In financial law, an “estate” refers to all of the assets and property owned by someone who has died. However, this definition can have a few different applications depending on where in the estate process the decedent’s estate is. Estate planning is required to ensure your assets are handled exactly as you want after you’re gone. This process can get complicated and, over time, will also need updating and adjusting. That’s when working with a financial advisor can be a valuable decision.
What Is a Traditional Estate?
An estate is the sum total of all assets someone owns and all liabilities they owe at the time of their death. This includes absolutely everything you can think of, ranging from cash and real estate to even ephemeral assets like intellectual property.
When someone dies, their estate goes through a process of managing its bills and distributing its assets. This process is known as probate. First, the executor, who’s responsible for managing the estate, pays any of the estate’s debts using its own money. They then pay any legal or other bills incurred during the probate process. Finally, the executor distributes all remaining assets among the appropriate heirs of the decedent. Once this process is complete, the estate ceases to exist, as all of its liabilities have now been paid and all of its assets now belong to other people.
A traditional estate is one in which the deceased had a will. This estate is distributed according to the terms of the will and managed by an executor named in the will.
Understanding the Differences Between Probate and Trust Estates
While all property owned by someone who has died is known as an “estate,” there are two more specific categories within this larger term. More specifically, these individual categories are known as probate estates and trust estates.
A probate estate is the estate of someone who died without a legally enforceable will. In legal jargon, this is known as dying “intestate.” This is the opposite of dying “testate,” which applies to all individuals who have a legally admissible will in place at the time of their death.
If you die intestate your assets are distributed according to your state’s inheritance laws. This process is overseen by the probate court, which will appoint someone to act as the administrator for the estate. An administrator plays the exact same role as an executor; the difference in titles only indicates that the former was appointed by a court while the latter was named by the deceased in their will. When an estate is overseen by a probate court, it is known as a probate estate.
When someone dies and leaves their assets in trust, this is known as a trust estate. For obvious reasons, this is due to the entirety of the estate’s contents being held in one or more legal trusts.
In most cases, the assets in a trust estate are distinct and separate from the assets in an individual’s estate. This is because a trust is a legally independent entity which can own all of its assets outright.
As a result, if someone dies and then leaves some of their assets in trust, this can create two separate estates. The assets which the deceased still owned after their death become the deceased’s estate. The assets which the deceased passed to the trust become the trust estate.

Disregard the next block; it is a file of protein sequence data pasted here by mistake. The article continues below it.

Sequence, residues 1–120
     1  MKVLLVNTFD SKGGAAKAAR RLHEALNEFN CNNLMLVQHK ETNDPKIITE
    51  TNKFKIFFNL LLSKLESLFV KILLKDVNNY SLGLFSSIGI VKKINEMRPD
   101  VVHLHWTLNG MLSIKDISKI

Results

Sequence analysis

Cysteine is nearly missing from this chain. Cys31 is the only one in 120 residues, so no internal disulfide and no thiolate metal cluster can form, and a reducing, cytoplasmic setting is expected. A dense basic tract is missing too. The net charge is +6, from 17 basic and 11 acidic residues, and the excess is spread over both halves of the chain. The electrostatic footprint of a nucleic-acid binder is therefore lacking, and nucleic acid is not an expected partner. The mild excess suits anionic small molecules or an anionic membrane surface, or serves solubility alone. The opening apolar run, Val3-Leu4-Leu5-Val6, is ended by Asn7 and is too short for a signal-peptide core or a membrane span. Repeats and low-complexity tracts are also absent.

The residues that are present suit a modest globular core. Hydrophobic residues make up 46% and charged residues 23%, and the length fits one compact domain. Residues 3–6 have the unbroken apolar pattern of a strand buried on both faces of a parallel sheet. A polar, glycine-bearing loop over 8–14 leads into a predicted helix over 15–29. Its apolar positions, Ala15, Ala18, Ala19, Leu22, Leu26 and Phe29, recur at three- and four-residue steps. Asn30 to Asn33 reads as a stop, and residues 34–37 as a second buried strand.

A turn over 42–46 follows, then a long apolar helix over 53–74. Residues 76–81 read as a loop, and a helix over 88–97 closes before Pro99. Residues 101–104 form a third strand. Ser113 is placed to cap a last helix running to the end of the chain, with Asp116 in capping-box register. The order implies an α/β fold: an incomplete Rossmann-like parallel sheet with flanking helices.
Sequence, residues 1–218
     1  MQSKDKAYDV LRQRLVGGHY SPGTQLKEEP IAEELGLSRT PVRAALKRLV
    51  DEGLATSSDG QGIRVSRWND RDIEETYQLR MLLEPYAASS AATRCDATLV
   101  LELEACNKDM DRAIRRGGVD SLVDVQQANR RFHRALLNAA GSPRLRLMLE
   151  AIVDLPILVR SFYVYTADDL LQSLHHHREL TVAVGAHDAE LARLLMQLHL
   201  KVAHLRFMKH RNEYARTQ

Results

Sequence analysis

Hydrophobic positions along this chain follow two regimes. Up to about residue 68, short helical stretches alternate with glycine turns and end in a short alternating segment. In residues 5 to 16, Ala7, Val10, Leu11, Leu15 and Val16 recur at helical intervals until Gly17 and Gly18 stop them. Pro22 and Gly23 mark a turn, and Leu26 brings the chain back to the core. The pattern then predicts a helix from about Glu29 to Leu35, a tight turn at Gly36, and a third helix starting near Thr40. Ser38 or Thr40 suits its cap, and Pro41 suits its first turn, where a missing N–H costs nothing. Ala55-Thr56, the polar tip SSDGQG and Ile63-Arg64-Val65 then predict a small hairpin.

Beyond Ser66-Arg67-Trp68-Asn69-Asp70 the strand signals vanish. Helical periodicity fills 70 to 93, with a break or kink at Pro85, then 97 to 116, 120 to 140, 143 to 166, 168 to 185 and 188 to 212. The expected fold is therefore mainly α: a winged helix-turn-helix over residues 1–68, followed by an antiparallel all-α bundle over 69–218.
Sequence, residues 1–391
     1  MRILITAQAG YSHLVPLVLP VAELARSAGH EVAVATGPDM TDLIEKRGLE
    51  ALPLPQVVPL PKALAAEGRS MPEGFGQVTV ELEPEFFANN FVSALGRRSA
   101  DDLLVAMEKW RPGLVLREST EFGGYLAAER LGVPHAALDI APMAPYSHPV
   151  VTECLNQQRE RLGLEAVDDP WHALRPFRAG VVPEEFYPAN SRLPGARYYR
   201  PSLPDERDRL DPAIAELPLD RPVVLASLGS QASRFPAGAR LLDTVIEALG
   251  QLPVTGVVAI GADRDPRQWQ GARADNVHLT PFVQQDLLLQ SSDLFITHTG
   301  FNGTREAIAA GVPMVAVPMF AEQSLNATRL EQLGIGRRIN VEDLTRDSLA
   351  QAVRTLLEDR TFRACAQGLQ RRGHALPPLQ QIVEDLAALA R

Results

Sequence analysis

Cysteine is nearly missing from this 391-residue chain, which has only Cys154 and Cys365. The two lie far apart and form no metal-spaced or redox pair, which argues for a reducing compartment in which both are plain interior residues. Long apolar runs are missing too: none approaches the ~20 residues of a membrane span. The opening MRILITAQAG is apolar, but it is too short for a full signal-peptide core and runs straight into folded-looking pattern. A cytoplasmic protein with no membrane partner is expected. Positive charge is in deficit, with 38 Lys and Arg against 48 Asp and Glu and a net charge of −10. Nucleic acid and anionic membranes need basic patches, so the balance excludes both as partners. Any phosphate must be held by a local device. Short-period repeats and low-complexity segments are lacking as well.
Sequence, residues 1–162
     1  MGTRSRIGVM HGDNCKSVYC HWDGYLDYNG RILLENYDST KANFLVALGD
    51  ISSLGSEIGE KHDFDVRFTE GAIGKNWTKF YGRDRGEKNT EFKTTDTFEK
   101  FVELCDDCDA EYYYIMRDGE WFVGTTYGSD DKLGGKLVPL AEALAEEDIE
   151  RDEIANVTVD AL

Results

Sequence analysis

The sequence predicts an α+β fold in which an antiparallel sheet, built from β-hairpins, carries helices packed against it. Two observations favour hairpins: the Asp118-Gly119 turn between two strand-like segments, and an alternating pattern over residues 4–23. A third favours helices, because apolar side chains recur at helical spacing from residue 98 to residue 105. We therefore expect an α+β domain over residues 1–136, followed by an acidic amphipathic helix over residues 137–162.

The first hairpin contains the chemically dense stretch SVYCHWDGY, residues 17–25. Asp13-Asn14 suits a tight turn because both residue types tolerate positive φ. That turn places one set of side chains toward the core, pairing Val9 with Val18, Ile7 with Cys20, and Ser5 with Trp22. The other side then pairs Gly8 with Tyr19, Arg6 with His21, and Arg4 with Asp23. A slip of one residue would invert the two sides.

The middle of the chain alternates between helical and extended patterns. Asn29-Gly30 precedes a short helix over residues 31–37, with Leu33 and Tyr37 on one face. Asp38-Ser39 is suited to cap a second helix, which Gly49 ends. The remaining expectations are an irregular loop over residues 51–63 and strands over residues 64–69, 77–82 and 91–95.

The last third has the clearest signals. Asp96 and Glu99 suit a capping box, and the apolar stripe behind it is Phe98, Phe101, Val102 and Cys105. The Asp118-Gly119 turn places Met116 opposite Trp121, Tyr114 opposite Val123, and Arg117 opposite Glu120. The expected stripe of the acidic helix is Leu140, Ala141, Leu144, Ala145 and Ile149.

How Estate Planning Can Grow and Protect Your Estate
The process of estate planning includes making sure your assets are titled in a way that protects them from creditors and unnecessary taxes, both while you’re alive and after you die or become incapacitated. It also includes choosing heirs, what they will inherit and how they will inherit it.
Estate planning entails far more than just creating a will. It may also include the following tasks:
- Assigning a power of attorney and healthcare proxy to make decisions on your behalf if you become incapacitated
- Creating and funding trusts
- Establishing guardians for living dependents
- Appointing or updating beneficiaries on life insurance plans, retirement accounts and bank accounts
- Making funeral arrangements
- Preparing for any applicable estate and inheritance taxes, potentially by scheduling annual gifting
In other words, estate planning done well can create a legacy: It can help grow and protect your assets as well as ensure they are passed along in a way that reflects the values you followed in building your estate.
Bottom Line: What Is an Estate?
An estate is the total of all assets and liabilities held by someone at the time of their death. This can also be further referred to as a “probate estate,” which refers to the estate of someone who died without a will, and a “trust estate,” which refers to assets passed into a trust after death.
Estate Planning Tips
- Building an estate plan can be difficult, but a financial advisor can help. Finding a qualified financial advisor doesn’t have to be hard. SmartAsset’s free tool matches you with up to three financial advisors who serve your area, and you can interview your advisor matches at no cost to decide which one is right for you. If you’re ready to find an advisor who can help you achieve your financial goals, get started now.
- A major step in estate planning is deciding how you want your wishes enforced. The first step is deciding exactly what those wishes should be. With SmartAsset’s estate planning guide, you can decide what should happen after you die.
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